Recoil.js - State management for React 🔥

4 min read


By Emil Mork


December 10, 2020

What is Recoil ?

Recoil.js is a new state management library for React — offering a React-ish API and a simple and powerful way of dealing with global, asynchronous and derived state 🔥

Recoil aims to solve some specific challenges when working with modern React apps like flexible shared state, derived state and global observation. And like React, the original Recoil team works at Facebook.

If you have worked with React it should seem familiar. Just take a look at this example. First we use React with useState() to increment a number:

// React and setState

const Counter = () => {
  const [count, setCount] = useState(0);

  return (
      <span>Count: {count}</span>
      <button onClick={() => setCount(count + 1)}>Increment</button>

Now, making our state global is pretty straightforward using Recoil. All we need to do (almost 😇) is to replace useState with useRecoilState.

//React and Recoil

const Counter = () => {
  const [count, setCount] = useRecoilState(myGlobalCounterState); ⬅

  return (
      <span>Count: {count}</span>
      <button onClick={() => setCount(count + 1)}>Increment</button>

That's pretty cool! Not convinced? Keep on reading... 😄

Using Recoil - Examples

The examples below are taken from a simple demo application called FoodTalk. The app lets you sort, filter and search for recipes. Take a look at the demo or the source code on github.

Its a simple app, but it uses Recoil to solve some known challenges pretty well.


An atom is simply a piece of state. It's like using react's useState(), except that any component can subscribe to it. By updating the atom value, all subscribed components will be re-rendered. In our recipe application we use atoms to store different types of state, like a search input:

// store.js
import { atom } from "recoil";

export const searchState = atom({
  key: "searchStateKey",
  default: "",

To read and write to this atom we use useRecoilState.

import { useRecoilState } from "recoil";
import { searchState } from './store';

export default () => {
  const [search, setSearch] = useRecoilState(searchState);

  return (
        onChange={(e) => {

Our application need to handle a combination of state (derived state), and that's when we use a selector. In our recipe application we use a selector to return a filtered list of our recipes. Selectors are also memoized, making sure our performance is maintained.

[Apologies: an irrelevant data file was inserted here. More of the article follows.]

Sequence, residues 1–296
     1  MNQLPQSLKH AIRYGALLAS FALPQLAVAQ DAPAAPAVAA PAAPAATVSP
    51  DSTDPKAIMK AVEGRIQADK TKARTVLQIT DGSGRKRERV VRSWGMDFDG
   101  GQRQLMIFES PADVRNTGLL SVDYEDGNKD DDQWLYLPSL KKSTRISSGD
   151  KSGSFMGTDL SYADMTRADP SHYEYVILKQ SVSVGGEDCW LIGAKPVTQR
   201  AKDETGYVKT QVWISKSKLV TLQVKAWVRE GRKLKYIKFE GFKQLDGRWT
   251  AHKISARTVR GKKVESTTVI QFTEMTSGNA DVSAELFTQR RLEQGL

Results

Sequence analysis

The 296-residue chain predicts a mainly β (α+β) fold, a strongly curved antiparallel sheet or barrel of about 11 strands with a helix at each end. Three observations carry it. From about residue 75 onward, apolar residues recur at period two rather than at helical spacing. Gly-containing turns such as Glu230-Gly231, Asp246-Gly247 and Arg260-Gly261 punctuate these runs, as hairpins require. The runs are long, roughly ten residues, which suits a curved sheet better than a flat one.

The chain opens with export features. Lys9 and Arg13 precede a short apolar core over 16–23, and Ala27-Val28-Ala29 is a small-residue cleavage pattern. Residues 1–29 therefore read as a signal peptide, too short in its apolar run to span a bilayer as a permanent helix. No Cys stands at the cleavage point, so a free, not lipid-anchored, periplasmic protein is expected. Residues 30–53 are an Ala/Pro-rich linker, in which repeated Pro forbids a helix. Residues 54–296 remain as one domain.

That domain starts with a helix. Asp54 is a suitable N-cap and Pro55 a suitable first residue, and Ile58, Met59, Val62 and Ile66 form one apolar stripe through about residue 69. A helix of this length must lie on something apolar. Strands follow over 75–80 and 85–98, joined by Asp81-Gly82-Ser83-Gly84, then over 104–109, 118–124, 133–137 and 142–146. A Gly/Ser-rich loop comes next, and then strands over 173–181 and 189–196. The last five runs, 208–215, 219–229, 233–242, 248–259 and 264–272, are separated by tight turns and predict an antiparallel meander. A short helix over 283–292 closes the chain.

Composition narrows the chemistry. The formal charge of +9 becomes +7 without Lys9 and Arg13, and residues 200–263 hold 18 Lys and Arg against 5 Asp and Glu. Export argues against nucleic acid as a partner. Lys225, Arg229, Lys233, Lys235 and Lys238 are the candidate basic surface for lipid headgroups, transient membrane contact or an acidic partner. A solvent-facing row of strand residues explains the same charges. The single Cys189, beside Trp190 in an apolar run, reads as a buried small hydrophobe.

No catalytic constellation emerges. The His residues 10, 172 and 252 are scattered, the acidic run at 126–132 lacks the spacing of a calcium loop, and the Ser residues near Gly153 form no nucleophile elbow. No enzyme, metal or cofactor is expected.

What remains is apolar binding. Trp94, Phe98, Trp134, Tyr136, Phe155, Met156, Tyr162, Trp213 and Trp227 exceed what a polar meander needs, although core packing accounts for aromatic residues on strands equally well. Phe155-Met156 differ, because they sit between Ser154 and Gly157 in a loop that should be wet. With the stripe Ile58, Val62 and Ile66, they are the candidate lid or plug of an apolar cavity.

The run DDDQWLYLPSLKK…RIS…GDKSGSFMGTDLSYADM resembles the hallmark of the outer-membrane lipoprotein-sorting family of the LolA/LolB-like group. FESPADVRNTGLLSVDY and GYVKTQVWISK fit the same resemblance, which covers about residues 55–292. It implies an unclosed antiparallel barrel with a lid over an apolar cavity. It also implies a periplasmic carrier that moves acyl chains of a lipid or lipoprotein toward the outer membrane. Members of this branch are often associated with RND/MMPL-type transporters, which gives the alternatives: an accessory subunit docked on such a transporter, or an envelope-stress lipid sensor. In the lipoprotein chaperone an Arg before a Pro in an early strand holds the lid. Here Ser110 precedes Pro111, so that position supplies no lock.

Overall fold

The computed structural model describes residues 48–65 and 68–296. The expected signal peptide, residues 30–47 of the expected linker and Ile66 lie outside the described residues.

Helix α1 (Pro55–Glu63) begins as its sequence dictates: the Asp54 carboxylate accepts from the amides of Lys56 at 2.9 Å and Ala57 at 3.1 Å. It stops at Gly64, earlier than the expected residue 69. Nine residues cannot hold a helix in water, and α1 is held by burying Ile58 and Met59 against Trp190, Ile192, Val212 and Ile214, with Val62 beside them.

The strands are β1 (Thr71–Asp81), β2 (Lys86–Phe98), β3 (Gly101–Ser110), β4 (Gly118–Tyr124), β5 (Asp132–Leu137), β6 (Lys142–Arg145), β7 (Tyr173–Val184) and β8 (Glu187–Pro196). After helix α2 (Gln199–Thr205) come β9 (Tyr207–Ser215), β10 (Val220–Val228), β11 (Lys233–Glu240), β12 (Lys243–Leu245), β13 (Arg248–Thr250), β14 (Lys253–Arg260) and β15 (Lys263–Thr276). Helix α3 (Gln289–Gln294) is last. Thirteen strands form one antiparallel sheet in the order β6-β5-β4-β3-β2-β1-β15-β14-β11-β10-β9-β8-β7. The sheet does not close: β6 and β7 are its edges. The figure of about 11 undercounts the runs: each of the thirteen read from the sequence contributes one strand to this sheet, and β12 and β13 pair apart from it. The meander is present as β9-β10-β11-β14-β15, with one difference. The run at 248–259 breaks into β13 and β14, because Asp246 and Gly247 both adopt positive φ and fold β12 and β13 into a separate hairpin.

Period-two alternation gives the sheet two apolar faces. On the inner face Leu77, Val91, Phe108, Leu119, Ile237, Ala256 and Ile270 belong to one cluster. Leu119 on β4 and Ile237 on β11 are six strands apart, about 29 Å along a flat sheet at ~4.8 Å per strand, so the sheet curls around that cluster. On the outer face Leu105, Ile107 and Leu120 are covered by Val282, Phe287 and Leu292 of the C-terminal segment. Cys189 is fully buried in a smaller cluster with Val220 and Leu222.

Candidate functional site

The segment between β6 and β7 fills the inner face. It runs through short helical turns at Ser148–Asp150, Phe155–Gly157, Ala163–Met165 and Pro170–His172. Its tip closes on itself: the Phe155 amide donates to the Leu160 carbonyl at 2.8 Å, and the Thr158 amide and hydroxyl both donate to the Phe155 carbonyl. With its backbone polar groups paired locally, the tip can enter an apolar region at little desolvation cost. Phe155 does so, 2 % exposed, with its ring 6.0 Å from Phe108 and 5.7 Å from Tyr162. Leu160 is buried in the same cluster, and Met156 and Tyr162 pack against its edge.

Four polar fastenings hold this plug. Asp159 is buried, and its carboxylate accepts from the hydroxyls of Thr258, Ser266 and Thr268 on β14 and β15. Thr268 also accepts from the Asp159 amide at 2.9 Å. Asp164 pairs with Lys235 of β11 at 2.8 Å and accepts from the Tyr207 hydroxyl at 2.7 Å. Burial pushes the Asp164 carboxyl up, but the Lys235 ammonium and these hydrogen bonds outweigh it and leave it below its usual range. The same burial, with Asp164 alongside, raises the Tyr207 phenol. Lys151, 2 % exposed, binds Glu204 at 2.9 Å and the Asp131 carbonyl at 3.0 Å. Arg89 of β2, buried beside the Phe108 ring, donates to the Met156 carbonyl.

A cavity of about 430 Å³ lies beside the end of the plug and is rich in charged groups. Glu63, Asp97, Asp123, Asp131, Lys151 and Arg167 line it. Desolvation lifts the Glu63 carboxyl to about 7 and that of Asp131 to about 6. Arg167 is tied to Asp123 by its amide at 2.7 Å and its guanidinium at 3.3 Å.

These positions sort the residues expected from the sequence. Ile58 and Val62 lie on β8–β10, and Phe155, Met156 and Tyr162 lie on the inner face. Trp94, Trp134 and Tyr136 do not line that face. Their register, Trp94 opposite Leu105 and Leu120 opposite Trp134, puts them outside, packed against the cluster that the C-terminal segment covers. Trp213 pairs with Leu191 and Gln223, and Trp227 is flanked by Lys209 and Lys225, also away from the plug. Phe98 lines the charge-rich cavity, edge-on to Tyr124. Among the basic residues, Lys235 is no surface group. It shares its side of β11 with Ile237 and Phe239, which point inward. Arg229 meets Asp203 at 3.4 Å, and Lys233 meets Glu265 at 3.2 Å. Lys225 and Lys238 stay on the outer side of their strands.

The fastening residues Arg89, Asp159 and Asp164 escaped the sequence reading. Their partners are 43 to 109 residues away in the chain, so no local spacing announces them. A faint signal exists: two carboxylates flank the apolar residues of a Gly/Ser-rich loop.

import { selector } from "recoil";

export const filteredRecipesState = selector({
  key: "filteredRecipes",
  get: async ({ get }) => {
    const recipes = await fetchRecipes(); // async

    const searchValue = get(searchState); // sync

    return recipes.filter((r) => r.name.indexOf(searchValue) >= 0);

We can use the same useRecoilValue() on selectors as we do on atoms. The cool thing here is that if our search state changes, our selector state will trigger a change as well.

const { useRecoilValue } from 'recoil';
const { filteredItemsState } from './store';

const Recipes = () => {
  const filteredItems = useRecoilValue(filteredItemsState);


Finally we need to add some spinners with React Suspense, which is supported out of the box.

  <Suspense fallback={<span>Loading..</span>}>
    <Recipes />

Take a look at github to see all the code, which is also written in TypeScript. 😁

So what's great about Recoil ?

Libraries for React are constantly appearing, but Recoil.js is much more than “just another library”. Compared to other state libraries for React, Recoil feels like a fresh breath from the future - and it's great in so many ways:

Tailored for React

Recoil is made specifically for React and offers close compatibility with features like React Concurrent mode and React Suspense as we saw in the example. The team also claims to support new React features as they become available.

Easy to learn

When I tried Recoil I realized how complicated and difficult other state libraries like Redux were.

Recoil offers a simple API, with semantics and behavior in a known reactish manner. It also comes "boilerplate-free". All you need to get started is to wrap your code with RecoilRoot.

import { RecoilRoot } from "recoil";

    <RecoilRoot> ⬅️
      <App />

Flexible and powerful

The concept of atoms let us isolate state in small pieces, making it very flexible. By using selectors we can easily combine pieces of state and move between being synchronous and asynchronous without modifying the components. It's also easy to observe and/or persist the entire state - which use be used to synchronize our state with a server or debug our app with time travel.

Read more about the motivation for Recoil here.

Final thoughts

The concept of derived state is very powerful, and atoms and selectors let you build a flexible and maintainable application. Its super easy to get started, and it really feels like a natural extension of React. It might not be a silver bullet, but if you need a way to handle distributed state in a simple manner - Recoil is your friend. 👍

Recoil is still in alpha and parts of the API might change, but based on the fact that Recoil is created by a Facebook team and currenty has 10k stars on github - I would say it’s pretty safe to try out. 😄

I recommend watching Dave McCabe's presentation of Recoil. He explains why they made Recoil and demonstrates the power of atoms and selectors.

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